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Conserving Yosemite’s Beloved Bridalveil Fall
A Community Effort in Yosemite National Park
Announcement: For every Ansel Adams Bridalveil Fall Modern Replica purchased, our Gallery will donate 10% to the Yosemite Conservancy Bridalveil Restoration Fund for the expected three-year duration of the Bridalveil Restoration Project. Help us contribute to the effort!
Bridalveil Fall, 1927, Highest Quality Reproduction of Ansel Adams’ Original Photograph Available in many sizes, finished to museum quality, and exclusively from The Ansel Adams Gallery
Carved by glaciers eons ago, this 620-foot waterfall is one of the most beautiful and majestic waterfalls in North America. Ansel Adams captured this thundering image of Bridalveil during the late 1920’s. Years before, his father-in-law, Harry Best, exchanged vows with his wife at the base of Bridalveil for their wedding ceremony. Guests could hardly hear a thing with the roaring waters as their backdrop! Bridalveil’s wispy curling mist, known to all Yosemite visitors, inspired its Native American name Pohono, meaning “spirit of the puffing wind.”
Bridalveil Fall is the first grand waterfall that most park visitors experience. It typically flows year-round, resulting in constant visitation. The popularity of this fall has out-spaced surrounding facilities and trails, which has led to the need for a large-scale restoration project to protect the surrounding habitat and enhance the visitor experience.
Bridalveil Fall, Yosemite National Park, Spring 2019
Yosemite Officials have created a robust restoration plan estimated at $13 million in improvements, with half of the funding being provided by the non-profit Yosemite Conservancy.
According to the Yosemite Conservancy, “The project to restore Bridalveil Fall will enhance the visitor experience and protect surrounding habitat, based on a design informed by a public process and a shared vision for the area.”
Bridalveil Fall, Photo courtesy of the Yosemite Conservancy
You can expect some changes at the beloved Fall—all for the better. Schuyler Greenleaf, Projects Director of the Yosemite Conservancy updated us on how a planned restoration to the popular site will unfold and when. With construction beginning in the summer or fall of 2020, the upgrade will be executed in two phases. The good news is that during the project, the trails and site will remain open for all to enjoy!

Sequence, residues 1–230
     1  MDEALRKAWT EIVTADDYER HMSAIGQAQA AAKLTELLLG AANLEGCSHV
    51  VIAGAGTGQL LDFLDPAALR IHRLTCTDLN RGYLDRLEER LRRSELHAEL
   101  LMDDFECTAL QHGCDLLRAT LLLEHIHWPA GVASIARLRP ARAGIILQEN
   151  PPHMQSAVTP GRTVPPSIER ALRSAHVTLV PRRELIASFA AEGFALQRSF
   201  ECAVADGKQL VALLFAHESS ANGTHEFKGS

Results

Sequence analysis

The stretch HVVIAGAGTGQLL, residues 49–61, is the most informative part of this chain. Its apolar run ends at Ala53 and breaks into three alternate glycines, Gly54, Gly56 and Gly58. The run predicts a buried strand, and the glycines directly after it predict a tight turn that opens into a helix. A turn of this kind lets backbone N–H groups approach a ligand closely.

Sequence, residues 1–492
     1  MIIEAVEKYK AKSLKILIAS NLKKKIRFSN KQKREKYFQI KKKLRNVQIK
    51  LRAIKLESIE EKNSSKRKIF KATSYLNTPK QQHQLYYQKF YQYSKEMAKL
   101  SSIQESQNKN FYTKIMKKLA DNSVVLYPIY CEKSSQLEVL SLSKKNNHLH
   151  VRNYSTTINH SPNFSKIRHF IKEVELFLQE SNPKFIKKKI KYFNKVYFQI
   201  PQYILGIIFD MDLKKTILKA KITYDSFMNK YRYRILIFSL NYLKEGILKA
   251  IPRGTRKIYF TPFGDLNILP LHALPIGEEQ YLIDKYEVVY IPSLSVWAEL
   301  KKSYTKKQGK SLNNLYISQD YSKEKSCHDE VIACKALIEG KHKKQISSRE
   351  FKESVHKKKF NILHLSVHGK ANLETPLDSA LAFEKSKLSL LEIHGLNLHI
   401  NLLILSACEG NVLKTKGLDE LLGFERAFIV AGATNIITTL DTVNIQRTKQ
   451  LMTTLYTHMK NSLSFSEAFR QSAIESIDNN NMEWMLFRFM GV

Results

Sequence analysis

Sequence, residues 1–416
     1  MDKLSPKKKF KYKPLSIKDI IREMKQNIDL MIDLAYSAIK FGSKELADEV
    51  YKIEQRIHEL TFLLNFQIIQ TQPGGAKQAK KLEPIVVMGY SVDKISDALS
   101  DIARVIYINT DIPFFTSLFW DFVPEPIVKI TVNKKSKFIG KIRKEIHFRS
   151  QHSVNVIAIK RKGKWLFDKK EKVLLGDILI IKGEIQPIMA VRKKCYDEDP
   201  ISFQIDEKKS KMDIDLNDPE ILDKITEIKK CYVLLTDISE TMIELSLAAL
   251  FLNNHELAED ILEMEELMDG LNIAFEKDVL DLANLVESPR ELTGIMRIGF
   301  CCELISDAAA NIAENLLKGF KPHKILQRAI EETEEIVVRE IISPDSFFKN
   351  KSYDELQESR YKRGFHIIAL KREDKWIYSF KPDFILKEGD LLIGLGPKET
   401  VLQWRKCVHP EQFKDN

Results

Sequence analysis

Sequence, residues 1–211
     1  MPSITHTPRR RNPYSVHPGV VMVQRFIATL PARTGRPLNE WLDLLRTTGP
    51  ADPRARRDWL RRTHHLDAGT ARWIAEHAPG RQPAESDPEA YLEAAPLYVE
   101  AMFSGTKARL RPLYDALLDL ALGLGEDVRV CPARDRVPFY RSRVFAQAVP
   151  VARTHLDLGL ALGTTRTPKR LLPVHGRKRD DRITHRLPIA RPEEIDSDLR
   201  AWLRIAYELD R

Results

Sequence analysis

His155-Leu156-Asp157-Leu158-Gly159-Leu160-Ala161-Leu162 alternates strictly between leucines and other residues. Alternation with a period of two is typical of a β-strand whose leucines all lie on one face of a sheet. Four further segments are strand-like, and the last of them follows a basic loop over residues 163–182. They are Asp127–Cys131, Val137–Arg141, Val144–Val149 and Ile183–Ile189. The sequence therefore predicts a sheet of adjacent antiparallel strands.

The plan redevelops the trails to allow for wheelchair access at an additional viewing area, and looping the trails to allow better distribution of visitors.
The trail’s alignment has been laid out. Trees have been cut for historic views and also fire and forest protection.
The accessible trail will will start at the new restrooms and will include a boardwalk through the areas that get spring runoff.
The second half of the project is to have an upgraded restroom facility appropriately designed for the high volume of visitors.
A hookup will be added to the valley water, sewar, and power systems. Work has already begun on the water source.
There may be temporary closures at times, and the existing parking lot will close for an extended period, but access from Southside Drive will remain open. This project is currently in the design phase, with anticipated completion during the winter and contracting in the Spring.
“Ultimately, this project will reclaim the priceless natural beauty, rustic character and riparian habitats of a popular part of Yosemite Valley, while providing an exceptional and memorable experience for visitors.” — Yosemite Conservancy